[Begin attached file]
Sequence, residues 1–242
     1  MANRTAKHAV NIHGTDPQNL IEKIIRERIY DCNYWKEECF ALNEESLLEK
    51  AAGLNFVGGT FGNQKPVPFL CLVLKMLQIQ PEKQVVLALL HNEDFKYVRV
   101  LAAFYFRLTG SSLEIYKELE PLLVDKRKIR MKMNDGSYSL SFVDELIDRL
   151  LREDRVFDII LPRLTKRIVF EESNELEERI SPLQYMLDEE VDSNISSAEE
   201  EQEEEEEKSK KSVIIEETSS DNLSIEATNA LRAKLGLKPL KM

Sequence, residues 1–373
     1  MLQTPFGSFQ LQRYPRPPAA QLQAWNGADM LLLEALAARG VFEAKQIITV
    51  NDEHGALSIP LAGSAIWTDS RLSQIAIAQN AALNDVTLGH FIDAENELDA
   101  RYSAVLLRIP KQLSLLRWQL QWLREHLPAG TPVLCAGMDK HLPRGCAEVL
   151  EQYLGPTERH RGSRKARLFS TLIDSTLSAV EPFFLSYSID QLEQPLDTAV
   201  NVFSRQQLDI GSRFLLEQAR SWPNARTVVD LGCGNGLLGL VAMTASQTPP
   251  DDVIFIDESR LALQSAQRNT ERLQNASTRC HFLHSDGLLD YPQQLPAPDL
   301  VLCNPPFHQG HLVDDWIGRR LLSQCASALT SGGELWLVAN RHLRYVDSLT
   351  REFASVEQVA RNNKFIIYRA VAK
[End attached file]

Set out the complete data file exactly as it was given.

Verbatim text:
Sequence, residues 1–242
     1  MANRTAKHAV NIHGTDPQNL IEKIIRERIY DCNYWKEECF ALNEESLLEK
    51  AAGLNFVGGT FGNQKPVPFL CLVLKMLQIQ PEKQVVLALL HNEDFKYVRV
   101  LAAFYFRLTG SSLEIYKELE PLLVDKRKIR MKMNDGSYSL SFVDELIDRL
   151  LREDRVFDII LPRLTKRIVF EESNELEERI SPLQYMLDEE VDSNISSAEE
   201  EQEEEEEKSK KSVIIEETSS DNLSIEATNA LRAKLGLKPL KM

Sequence, residues 1–373
     1  MLQTPFGSFQ LQRYPRPPAA QLQAWNGADM LLLEALAARG VFEAKQIITV
    51  NDEHGALSIP LAGSAIWTDS RLSQIAIAQN AALNDVTLGH FIDAENELDA
   101  RYSAVLLRIP KQLSLLRWQL QWLREHLPAG TPVLCAGMDK HLPRGCAEVL
   151  EQYLGPTERH RGSRKARLFS TLIDSTLSAV EPFFLSYSID QLEQPLDTAV
   201  NVFSRQQLDI GSRFLLEQAR SWPNARTVVD LGCGNGLLGL VAMTASQTPP
   251  DDVIFIDESR LALQSAQRNT ERLQNASTRC HFLHSDGLLD YPQQLPAPDL
   301  VLCNPPFHQG HLVDDWIGRR LLSQCASALT SGGELWLVAN RHLRYVDSLT
   351  REFASVEQVA RNNKFIIYRA VAK